The Enoch Factor

Review of the Enoch Factor: The sacred art of knowing God

Steve McSwain, wants to let us in on an amazing secret: you can know God.  The problem is it shouldn’t be much of a secret and many who think they know how (including the author at one point in his life even as a Baptist pastor) and can know God don’t know what Enoch knew.  Enoch is that character in the beginning chapters of Genesis about whom all we know  is that “He walked with God and was no more.”  Enoch for McSwain is a model for what it means to know God: we all can walk with God and overcome death.

While on one level McSwain’s book has the sound and focus of something quite esoteric oddly mystical, most of his book sounds like the revivalist and pietist faith in which I was raised in the Evangelical Covenant church.  The difference being that while I’ve always been fascinated by Enoch, few if any of my teachers in the faith talked about him.  However, McSwain’s emphasis on knowing God as being in a relationship with God and one that overcomes one’s fear of death, all sound very familiar.

In this I think The Enoch Factor is a great artifact of how Baptist and Evangelical congregations and leaders have in the past 20 to 30 years failed to pass on the central aspects of their tradition, teaching instead a legalistic, and doctrinaire religiosity replacing relationship with God for knowledge about God.  McSwain’s experience both being raised a Baptist and being a Baptist pastor were until his “conversion” recounted in the book, was such a walk of faith. One mediated by rules, doctrines and authority figures (in McSwain’s case his father who was a Baptist pastor and missionary).  Oddly enough McSwain’s account of the faith of his childhood and career as a pastor prior to his faith crisis, was the stereotype of Baptists I grew up with in the Evangelical Covenant Church: Baptist had only the forms of faith and relationship with God but not the substance.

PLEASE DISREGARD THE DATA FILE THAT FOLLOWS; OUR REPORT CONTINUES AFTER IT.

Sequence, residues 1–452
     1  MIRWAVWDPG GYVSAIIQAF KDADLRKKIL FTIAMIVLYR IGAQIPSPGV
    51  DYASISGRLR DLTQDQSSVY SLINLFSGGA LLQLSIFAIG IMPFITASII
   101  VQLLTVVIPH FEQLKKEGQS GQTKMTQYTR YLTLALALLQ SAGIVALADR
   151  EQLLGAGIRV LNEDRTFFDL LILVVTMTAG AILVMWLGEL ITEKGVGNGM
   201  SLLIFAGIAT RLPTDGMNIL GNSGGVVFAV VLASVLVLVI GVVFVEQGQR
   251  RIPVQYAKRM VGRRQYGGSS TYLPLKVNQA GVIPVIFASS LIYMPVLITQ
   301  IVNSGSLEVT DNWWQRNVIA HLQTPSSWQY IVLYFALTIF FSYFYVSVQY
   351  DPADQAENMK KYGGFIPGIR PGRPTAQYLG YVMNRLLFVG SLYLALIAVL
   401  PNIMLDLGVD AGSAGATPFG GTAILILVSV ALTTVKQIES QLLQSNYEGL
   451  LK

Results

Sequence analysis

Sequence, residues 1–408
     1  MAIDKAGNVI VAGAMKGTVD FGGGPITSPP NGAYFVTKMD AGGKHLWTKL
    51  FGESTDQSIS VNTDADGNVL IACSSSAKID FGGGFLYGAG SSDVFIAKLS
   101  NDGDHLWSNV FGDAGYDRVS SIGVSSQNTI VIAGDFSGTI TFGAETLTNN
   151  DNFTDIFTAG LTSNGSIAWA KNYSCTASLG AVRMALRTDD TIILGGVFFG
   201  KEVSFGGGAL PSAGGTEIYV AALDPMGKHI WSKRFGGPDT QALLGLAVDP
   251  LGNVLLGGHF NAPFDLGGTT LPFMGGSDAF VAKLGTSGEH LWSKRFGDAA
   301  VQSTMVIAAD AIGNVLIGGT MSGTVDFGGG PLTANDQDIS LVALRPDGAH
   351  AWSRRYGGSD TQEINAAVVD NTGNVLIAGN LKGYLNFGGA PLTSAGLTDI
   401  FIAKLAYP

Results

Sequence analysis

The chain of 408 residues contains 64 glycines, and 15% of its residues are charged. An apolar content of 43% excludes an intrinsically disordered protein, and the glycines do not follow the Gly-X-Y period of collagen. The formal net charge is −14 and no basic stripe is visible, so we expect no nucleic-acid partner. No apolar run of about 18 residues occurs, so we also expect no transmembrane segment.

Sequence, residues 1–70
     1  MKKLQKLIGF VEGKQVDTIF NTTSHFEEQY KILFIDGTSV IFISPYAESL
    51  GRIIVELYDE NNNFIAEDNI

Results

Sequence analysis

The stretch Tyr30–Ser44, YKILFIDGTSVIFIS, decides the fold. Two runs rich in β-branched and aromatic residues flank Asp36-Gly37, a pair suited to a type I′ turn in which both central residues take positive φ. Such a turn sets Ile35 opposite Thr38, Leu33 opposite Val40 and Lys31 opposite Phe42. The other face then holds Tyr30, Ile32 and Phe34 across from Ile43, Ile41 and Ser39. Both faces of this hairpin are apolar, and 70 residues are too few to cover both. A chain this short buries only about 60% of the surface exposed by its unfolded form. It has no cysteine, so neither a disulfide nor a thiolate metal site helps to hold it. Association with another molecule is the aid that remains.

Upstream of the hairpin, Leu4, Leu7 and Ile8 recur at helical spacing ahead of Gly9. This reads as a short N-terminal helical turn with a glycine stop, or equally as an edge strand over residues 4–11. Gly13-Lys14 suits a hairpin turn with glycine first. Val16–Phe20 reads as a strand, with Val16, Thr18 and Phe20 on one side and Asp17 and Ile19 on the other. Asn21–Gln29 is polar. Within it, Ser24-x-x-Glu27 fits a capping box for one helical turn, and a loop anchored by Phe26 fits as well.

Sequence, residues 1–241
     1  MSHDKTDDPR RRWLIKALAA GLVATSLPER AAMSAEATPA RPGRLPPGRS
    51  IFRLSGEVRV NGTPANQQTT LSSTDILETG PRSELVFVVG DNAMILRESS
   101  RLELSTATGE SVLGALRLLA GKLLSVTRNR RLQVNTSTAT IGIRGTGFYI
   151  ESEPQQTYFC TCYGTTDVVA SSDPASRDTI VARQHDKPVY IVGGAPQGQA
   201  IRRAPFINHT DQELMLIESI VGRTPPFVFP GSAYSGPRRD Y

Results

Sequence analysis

McSwain in the Enoch Factor has some real wisdom.  Unfortunately in our context and the way in which McSwain writes it can appear to be a new discovery.  McSwain does attempt to connect up the wisdom he has found in the art of knowing God with a long tradition within the history of the Church.  However, his sense that this wisdom and art is all but lost in our time leads to some exaggeration that in my view makes him a poor spiritual guide.  The value of the Enoch factor is more as an example of how even in the midst of the failure of American Christianity in our time, God reaches out and in the midst of a desolate spiritual landscape, can enliven a soul.   I however recommend taking McSwain with a grain of salt, there are better guides to the Spiritual life out there both in our time and in the past.  If one can’t find one in your immediate context read for yourself Cynthia Bourgeault,  Richard Foster, Dietrich Bonhoeffer, Brother Lawrence, Julian of Norwich, St. Catherine of Siena, St John of  Cross, St Augustine, and the Desert Fathers and Mothers(and that’s a quick list off the top of my head, dig around and you’ll find more.)

Steve McSain on the Web:

McSwain’s Website

On The Huffington Post

Vimeo

McSwain’s You Tube channel

On Facebook